It's become a nasty saga replete with allegations of influence peddling, reports of police surveillance, and two former allies-turned-adversaries. And on Thursday, Quebec's summertime political potboiler took another surprising twist.
Former justice minister Marc Bellemare, who set off a firestorm with allegations of political interference in the nomination of judges in the province, made an abrupt about-face and agreed to testify before a provincial commission set up to probe his charges.
He had been on a campaign to torpedo the inquiry, labelling it a "trap for fools." His explosive allegations set him on a collision course with his former boss, Liberal Premier Jean Charest, under whom he served as justice minister from 2003 to 2004.
Mr. Bellemare refused to testify before the commission into judicial nominations, saying that the probe headed by retired Supreme Court judge Michel Bastarache was tilted to favour Mr. Charest.
But in an apparent change of heart, Mr. Bellemare appeared outside the Montreal courthouse on Thursday afternoon to announce that while he still considered the inquiry a "costly and useless exercise," he would show up to testify when it gets under way Aug. 24.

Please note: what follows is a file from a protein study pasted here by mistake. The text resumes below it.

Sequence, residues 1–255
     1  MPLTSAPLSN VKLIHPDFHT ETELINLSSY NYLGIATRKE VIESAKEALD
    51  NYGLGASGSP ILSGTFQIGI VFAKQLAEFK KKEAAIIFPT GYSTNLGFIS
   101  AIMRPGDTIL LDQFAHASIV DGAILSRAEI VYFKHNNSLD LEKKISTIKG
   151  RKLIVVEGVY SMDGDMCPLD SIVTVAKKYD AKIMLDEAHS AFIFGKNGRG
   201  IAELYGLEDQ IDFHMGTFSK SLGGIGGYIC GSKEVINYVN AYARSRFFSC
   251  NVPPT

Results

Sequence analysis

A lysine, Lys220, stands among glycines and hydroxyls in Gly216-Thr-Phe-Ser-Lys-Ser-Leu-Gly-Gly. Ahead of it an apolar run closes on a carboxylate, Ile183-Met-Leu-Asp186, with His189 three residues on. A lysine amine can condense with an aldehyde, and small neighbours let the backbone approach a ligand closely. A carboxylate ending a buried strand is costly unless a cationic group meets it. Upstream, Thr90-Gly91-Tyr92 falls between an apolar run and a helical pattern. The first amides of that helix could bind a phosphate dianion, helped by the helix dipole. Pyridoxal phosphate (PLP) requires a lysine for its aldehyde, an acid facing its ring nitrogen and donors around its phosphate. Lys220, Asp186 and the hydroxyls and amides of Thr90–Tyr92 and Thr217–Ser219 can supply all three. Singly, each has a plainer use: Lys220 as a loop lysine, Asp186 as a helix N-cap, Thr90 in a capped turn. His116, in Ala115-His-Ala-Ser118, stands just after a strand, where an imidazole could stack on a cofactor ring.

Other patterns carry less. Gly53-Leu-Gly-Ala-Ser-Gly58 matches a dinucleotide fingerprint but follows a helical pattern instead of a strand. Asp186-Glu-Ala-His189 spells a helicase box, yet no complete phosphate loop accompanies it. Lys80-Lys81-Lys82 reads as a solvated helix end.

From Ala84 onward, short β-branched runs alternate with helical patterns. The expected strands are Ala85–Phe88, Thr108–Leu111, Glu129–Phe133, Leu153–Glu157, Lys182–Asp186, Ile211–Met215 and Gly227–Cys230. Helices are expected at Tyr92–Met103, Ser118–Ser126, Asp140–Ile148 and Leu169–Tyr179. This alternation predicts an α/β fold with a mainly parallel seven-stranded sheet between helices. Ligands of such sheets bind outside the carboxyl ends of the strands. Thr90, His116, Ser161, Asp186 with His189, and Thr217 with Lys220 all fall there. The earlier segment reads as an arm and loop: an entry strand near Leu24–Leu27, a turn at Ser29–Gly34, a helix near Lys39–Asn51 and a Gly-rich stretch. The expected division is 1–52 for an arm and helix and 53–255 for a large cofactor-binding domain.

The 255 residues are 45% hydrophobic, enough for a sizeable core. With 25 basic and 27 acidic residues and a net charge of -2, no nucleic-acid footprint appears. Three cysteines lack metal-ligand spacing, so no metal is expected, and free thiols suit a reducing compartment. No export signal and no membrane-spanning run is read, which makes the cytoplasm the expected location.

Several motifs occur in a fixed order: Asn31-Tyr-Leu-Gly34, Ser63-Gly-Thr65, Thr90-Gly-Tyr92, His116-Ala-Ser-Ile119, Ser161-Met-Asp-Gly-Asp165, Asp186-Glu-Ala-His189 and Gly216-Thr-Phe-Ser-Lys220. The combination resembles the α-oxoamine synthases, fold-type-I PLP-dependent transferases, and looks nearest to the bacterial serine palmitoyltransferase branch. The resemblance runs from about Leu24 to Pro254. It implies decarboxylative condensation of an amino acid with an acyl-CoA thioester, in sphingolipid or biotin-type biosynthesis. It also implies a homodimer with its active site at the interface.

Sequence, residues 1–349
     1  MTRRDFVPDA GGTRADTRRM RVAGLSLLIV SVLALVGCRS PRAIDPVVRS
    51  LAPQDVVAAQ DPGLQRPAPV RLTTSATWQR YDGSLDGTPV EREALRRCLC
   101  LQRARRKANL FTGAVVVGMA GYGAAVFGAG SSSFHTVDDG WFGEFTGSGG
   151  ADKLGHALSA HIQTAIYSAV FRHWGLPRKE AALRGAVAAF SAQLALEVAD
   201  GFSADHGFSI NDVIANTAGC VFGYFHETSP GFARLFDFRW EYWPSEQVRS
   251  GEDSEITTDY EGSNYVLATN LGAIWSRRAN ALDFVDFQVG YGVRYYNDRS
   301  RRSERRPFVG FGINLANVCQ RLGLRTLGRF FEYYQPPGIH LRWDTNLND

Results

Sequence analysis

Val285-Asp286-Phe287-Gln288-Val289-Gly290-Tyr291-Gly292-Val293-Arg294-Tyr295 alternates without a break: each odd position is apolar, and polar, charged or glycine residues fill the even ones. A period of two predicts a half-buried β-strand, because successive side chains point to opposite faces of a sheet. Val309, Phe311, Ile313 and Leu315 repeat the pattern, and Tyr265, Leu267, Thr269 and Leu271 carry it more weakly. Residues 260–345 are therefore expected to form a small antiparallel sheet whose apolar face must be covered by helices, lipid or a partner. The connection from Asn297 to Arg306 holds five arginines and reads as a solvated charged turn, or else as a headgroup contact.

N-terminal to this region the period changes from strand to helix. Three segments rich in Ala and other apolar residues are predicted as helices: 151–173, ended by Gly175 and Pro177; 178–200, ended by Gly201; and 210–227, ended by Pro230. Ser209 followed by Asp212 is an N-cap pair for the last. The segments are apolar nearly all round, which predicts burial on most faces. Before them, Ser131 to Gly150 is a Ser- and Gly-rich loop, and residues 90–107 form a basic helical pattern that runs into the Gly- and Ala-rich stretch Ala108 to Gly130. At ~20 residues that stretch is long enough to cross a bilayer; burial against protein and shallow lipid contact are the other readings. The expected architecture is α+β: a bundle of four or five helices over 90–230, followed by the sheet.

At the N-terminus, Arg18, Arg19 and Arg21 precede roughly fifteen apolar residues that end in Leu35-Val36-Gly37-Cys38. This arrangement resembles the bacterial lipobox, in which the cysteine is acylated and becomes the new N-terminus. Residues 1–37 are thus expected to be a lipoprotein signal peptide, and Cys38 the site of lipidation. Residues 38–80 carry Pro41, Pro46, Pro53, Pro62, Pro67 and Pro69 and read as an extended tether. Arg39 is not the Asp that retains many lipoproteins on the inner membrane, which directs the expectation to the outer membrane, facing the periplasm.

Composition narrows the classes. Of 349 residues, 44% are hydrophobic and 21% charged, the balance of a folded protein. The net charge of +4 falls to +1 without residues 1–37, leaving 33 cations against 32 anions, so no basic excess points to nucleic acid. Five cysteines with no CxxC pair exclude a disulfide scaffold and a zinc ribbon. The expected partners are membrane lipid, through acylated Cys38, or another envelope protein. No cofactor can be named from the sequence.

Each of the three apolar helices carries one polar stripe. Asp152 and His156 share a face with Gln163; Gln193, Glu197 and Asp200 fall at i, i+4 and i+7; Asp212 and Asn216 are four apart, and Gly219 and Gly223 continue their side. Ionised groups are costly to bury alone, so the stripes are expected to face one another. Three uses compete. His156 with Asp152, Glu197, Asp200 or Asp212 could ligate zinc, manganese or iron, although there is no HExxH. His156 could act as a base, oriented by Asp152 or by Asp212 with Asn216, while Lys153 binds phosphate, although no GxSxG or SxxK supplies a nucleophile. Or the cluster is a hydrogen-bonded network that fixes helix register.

The switch followed an agreement guaranteeing his testimony would be broadcast, Mr. Bellemare said. He read his brief statement and walked away without taking questions from reporters.
The move hardly ends the acrimonious set-to between Mr. Bellemare and Mr. Charest, which has unfolded over the summer with at times bizarre disclosures.
This week, it was reported that Mr. Bellemare had been tailed for several days by the Quebec provincial police after he'd made his allegations in April. The reports, he said during his press scrum on Thursday, have placed him and his family under additional stress.
Mr. Bellemare has also been in court in Quebec City this week in a bid to halt the commission, taking shots at his former boss along the way. On Tuesday, he said the Premier set the probe up as an act of revenge. He has also questioned the impartiality of Mr. Bastarache.
A lawyer for the commission, meanwhile, retorted that Mr. Bellemare appeared to be suffering from a "feverish imagination," according to news accounts. The Superior Court judge hearing the case was expected to rule next week.
The dispute is proceeding on several fronts. Mr. Charest is suing his former justice minister for libel in a $700,000 civil suit filed after Mr. Bellemare refused to withdraw allegations that Mr. Charest knew that Liberal Party donors had sway over the selection of judges.
Mr. Bellemare has also tried to avoid appearing before Quebec's Chief Electoral Officer, who subpoenaed him to address his allegations; Mr. Bellemare lost that case in Quebec Superior Court last month and is appealing.